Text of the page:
How to Stay Confident While Dating During a Pandemic

How to Stay Confident While Dating During a Pandemic

By Maria Del Russo

Having a hard time feeling yourself while dating in the midst of the COVID-19 pandemic? You’re not the only one. There are legitimate reasons why your confidence may be waning in a period of such intense instability. 

Some of it has to do with the fact that we maintain confidence through social connections — and, in the U.S. at least, we’ve all been isolated from one another for the better part of the year. 

“Social connection reminds us that we are liked and valued,” says social worker and therapist Jennifer Hoskins-Tomko. “If we aren’t getting these reminders of our worth, then we begin to question ourselves.” That, in turn, can make us focus on what we consider our “faults,” both mentally and physically. And, as you can imagine, when we don’t feel good about ourselves, it’s very hard to get excited about meeting new people.

Then there’s the effect that keeping up with the news and staying inside our houses has had on us. “Many daters are scared and exhausted right now,” says sexologist Dr. Jess O’Reilly. And that exhaustion can lead to a serious lack of self-confidence. “When we experience stress, as we are in light of COVID, cortisol levels increase to provide the energy required to deal with stress,” says Dr. O’Reilly. “This wear on our bodies affects our moods, which can affect our confidence levels.”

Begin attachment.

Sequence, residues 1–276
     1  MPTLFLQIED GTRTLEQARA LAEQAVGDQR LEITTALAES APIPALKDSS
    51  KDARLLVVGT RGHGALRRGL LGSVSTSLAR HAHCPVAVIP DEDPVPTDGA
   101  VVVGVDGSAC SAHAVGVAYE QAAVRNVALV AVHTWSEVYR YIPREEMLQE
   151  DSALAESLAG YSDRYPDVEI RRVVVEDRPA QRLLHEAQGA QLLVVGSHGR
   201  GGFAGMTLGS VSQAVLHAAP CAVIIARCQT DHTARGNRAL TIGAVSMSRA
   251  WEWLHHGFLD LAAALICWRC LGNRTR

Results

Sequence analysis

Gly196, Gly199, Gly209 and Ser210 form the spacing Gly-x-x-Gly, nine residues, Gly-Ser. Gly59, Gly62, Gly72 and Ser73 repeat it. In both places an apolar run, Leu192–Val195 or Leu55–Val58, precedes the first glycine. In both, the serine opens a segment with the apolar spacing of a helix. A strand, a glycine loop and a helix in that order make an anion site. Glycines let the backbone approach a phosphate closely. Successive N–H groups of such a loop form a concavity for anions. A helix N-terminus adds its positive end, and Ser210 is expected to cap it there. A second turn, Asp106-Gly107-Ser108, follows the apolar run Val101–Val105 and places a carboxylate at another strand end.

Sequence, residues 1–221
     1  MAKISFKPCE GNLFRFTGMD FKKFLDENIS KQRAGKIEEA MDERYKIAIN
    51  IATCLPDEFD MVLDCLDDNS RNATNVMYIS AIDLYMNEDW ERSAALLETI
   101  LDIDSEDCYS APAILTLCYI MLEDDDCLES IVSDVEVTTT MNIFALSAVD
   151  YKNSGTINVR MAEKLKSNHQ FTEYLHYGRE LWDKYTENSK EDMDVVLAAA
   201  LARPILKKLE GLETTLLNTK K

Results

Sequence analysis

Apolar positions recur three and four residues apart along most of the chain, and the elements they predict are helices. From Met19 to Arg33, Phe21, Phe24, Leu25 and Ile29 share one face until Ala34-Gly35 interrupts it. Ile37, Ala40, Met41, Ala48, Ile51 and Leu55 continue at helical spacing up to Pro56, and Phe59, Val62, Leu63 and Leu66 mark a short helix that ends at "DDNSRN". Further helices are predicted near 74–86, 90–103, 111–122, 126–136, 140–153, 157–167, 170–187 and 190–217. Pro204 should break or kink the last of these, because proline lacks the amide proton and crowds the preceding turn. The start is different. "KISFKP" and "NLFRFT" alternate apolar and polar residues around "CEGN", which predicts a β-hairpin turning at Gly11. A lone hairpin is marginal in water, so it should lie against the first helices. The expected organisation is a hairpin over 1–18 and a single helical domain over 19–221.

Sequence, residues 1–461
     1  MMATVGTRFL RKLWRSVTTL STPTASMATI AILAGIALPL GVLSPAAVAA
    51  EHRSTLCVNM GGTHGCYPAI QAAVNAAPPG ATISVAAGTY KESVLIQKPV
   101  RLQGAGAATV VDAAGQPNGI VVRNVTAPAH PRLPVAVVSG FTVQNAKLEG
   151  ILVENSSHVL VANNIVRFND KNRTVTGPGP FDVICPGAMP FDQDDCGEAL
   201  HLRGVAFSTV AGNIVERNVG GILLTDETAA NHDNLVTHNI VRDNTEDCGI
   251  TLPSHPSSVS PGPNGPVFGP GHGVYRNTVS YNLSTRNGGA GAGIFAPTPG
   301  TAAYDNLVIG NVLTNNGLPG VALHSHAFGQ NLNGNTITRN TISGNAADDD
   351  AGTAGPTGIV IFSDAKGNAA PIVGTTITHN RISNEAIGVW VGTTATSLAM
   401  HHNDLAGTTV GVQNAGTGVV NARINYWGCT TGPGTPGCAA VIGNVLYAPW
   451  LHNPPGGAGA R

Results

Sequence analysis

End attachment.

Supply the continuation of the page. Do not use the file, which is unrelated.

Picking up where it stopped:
So how can we deal? Hoskins-Tomko and Dr. O’Reilly have some pointers: 

Know that you aren’t alone in this

It’s not just you who is dealing with the pandemic! “Chances are good that the person you’re going on a date with is experiencing similar feelings,” says Hoskins-Tomko. It might even be a good idea to talk about these feelings of exhaustion and unease with your date. The shared sentiments could bring you closer, and help nix any lingering awkwardness about the lack of confidence you’re feeling. 

Get into a good headspace

Hoskins-Tomko suggests doing things that remind you of your strengths before a date. “Read a list of positive affirmations, have a friend share what they like about you, or listen to music that makes you feel powerful,” she says.

If affirmations aren’t really your thing, you could try to get into a positive headspace pre-date by doing something like cooking a good meal or dancing around your living room. 

Go easy on yourself

It’s a strange new reality we’re all dealing with, so remember to cut yourself a break. Once you’re on the date, don’t over-analyze yourself, especially if you’re meeting via video chat. “You have to work harder to pick up on non-verbal cues, and the disconnect of feeling like you’re together but not actually being together can be difficult, so go easy on yourself and your date,” Dr. O’Reilly says.

Take a break if you need it

Dr. O’Reilly suggests that you be honest with yourself about what you’re feeling when it comes to dating. “Name your emotions and sit with them,” she says. If you’re feeling sad, insecure, or exhausted, give yourself permission to feel that. Checking in with yourself like this will help you to not push yourself into doing something you’re not ready for at the moment. That may mean taking a weekend off from dating. 

Remember to have fun

“Don’t take it all too seriously,” Hoskins-Tomko says. “Dating is a form of exploration and [it’s] supposed to be fun.” Remember: Dating should be something that adds to your life — not subtracts, or makes it more difficult or stressful. So take a break if you need it. And when you get back to swiping, you’ll be able to bring a more confident self to the table.